But, those folks who are anxiously monitoring Washington and a president who ill-conceals that, to him, the Constitution presents more of an obstacle than a genius bulwark for freedom, might be missing an important point. Yes, Washington is out of control. For liberty to prevail, it must be confronted, restrained, and redirected. But, so too, our local authorities and institutions can trample our liberties, our privacy, and our domestic tranquility.

Law students learn an aphorism about the development of law: Hard cases make bad law. An incident or two last year in my home state of Colorado illustrate the point: hard circumstances invite bad decisions and establish bad precedents. Citizens can be almost powerless to respond.

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On gun control, immigration, and Hagel, the president’s biggest roadblocks are Democrats.

The White House’s ambitious agenda on gun control, immigration reform, and, perhaps, even climate change is a sign that President Obama believes he locked up precious political capital with his reelection and intends to spend it quickly. But that isn’t welcome news to many of the Democrats who need him the most in the short term–the seven Democratic senators in conservative states facing tough reelection bids.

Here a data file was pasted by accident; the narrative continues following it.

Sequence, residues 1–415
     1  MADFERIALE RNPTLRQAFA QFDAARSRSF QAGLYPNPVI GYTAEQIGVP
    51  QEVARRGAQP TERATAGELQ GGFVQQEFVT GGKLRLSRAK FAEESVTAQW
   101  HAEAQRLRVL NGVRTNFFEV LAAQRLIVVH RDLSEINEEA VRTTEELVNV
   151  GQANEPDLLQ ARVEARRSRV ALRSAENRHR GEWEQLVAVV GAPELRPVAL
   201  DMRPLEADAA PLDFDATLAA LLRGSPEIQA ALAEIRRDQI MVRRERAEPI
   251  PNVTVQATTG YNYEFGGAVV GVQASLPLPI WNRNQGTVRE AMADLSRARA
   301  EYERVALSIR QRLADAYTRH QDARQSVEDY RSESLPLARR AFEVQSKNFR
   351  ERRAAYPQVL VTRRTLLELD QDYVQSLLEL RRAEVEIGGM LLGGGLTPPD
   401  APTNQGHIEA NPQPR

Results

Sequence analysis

Just one week into the new year, Obama has already hit some unpleasant stumbling blocks with his own party. On gun control, the White House is now calculating that it will be “exceedingly difficult” to pass broad measures, The New York Times reports, a sharp U-turn from its optimism heading into the new year. Senators from the president’s own party are the ones giving him trouble over his nominee for Defense secretary, former GOP Sen. Chuck Hagel, with one of the president’s most partisan backers privately expressing doubt about whether he’ll support his nomination.

And on Friday, Sen. Jay Rockefeller, D-W.Va., announced his retirement, making it even more likely that a West Virginia Senate seat will turn Republican for the first time since 1959. Rockefeller’s decision to step down early may give him more flexibility to vote with the White House on its pet initiatives, but it creates major problems for the Democrats looking to succeed him. The White House’s planned agenda for the coming year is awfully inhospitable for a Democrat looking to keep his or her distance from the national party. (Notably, newly minted Democratic Senatorial Campaign Committee Chairman Michael Bennet, in a statement, said he is confident the party will elect an “independent-minded Democrat” to a seat.)

This is just the tip of the iceberg. To maintain their Senate majority in 2014, Democrats need to hold onto seven seats being contested on inhospitable turf–Louisiana, Arkansas, Alaska, Montana, West Virginia, North Carolina, and South Dakota. Obama holds solid approval ratings nationally but, given the state of affairs in our polarized country, is in much more tenuous shape down South. The strategic positioning of Democratic Sens. Mary Landrieu of Louisiana, Mark Pryor or Arkansas, Kay Hagan of North Carolina, and Mark Begich of Alaska will be fascinating to watch over the next year. Immigration, for example, is probably a winning issue for the president overall, but it will be a much tougher sell with Democrats in conservative states and districts. Rockefeller took the easy way out in stepping down.